State legislators will return from summer break on Aug. 12 and start taking action on AB 552, other bills.
SACRAMENTO—A proposal aiming to create an official state program on sea level rise adaptation and resilience was endorsed by the California Coastal Commission; the bill will be back on the radar of legislators as the State Senate and Assembly return to session from summer recess on Aug. 12.
Will Assembly member Mark Stone’s proposal, with the backing of the Coastal Commission, make it out of the State Senate and head to Gov. Gavin Newsom’s desk for approval? Assembly Bill 552 already made it out of the Assembly prior to the summer recess and already passed through a State Senate Committee.
The State Senate’s Natural Resources and Water Committee supported AB 552 by a 7-2 vote on June 25. A legislative analysis out of that committee stated AB 552 would help fund “certain scientifically-sound activities in order to help the state address coastal climate adaptations and resiliency.”
AB 552, as previously reported in The Log, would create Coastal, Adaptation, Access and Resilience Program. The program would, according to the legislative analysis out of the State Senate’s Natural Resources and Water Committee, would “fund activities to help the state prepare, plan and implement actions intended to address and adapt to sea level rise and costal climate change.”
A “Coastal, Adaptation, Access and Resilience Program Fund” within the State Treasury would also be created to provide money to agencies like the Coastal Commission and State Lands Commission to “take actions, based upon scientific information,” to meet certain objectives associated with sea level rise and other climate change issues.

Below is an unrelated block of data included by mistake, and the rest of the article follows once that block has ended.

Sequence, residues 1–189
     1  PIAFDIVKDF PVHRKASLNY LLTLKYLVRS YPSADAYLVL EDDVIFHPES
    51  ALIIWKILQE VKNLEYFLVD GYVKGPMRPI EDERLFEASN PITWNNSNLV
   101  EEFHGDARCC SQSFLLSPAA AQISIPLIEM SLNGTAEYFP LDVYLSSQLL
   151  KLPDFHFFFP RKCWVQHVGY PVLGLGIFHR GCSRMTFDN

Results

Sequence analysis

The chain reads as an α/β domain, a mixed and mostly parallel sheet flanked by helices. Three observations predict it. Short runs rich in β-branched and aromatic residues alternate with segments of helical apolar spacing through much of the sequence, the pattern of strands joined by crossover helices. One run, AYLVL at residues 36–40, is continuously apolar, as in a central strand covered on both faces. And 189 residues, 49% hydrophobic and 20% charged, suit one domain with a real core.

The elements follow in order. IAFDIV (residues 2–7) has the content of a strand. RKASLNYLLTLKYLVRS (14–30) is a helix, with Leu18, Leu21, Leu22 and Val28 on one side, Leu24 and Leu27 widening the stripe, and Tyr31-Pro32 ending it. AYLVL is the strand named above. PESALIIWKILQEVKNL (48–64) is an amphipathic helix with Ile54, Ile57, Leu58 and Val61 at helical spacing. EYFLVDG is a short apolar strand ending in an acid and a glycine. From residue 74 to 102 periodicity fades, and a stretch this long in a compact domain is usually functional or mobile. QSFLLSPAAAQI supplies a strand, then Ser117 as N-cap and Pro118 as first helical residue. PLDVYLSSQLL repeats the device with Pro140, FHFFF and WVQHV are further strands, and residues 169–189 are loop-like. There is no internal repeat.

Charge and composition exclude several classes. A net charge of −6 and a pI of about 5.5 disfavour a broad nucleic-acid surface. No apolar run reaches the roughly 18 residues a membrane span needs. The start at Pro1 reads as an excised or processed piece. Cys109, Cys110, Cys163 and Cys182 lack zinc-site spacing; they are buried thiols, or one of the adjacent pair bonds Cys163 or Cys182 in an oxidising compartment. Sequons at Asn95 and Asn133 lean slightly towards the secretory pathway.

At least two amendments were made to the bill since it was originally introduced by Stone, according to Coastal Commission staff.
“Amendments of 4/30/19 add the State Lands Commission to the list of agencies that would receive money from the fund,” Coastal Commission staff stated. “Amendments of 06/27/19 revise the title of the program, and specify that the Natural Resources Secretary shall ensure that moneys expended from the Coastal Resilience, Adaptation and Access Fund prioritize expenditures that minimize the overall financial risks and costs of climate change impacts statewide.”
Coastal Commission staff and language of the bill both stated at least 30 percent of state tidelands revenues collected by the State Lands Commission would be used to fund the program.
AB 552 stems from the California Global Warming Solutions Act of 2006, which, according to the State Senate’s Committee on Natural Resources and Water’s legislative analysis, “developed and implemented numerous programs and policies to address climate change through reductions in greenhouse gas and related emissions.”
“Put simply, climate adaption is the ‘new normal,’ and climate resilience is dealing with the ‘new normal,’” the State Senate’s Committee on Natural Resources and Water’s legislative analysis stated.
AB 552 still has to be voted on by the entire State Senate. Assembly members would get the bill one more time, should it clear the State Senate, to approve or deny amendments. Newsom would receive the bill only if AB 552 is fully supported by both houses.
The Log will update readers on the bill’s progress.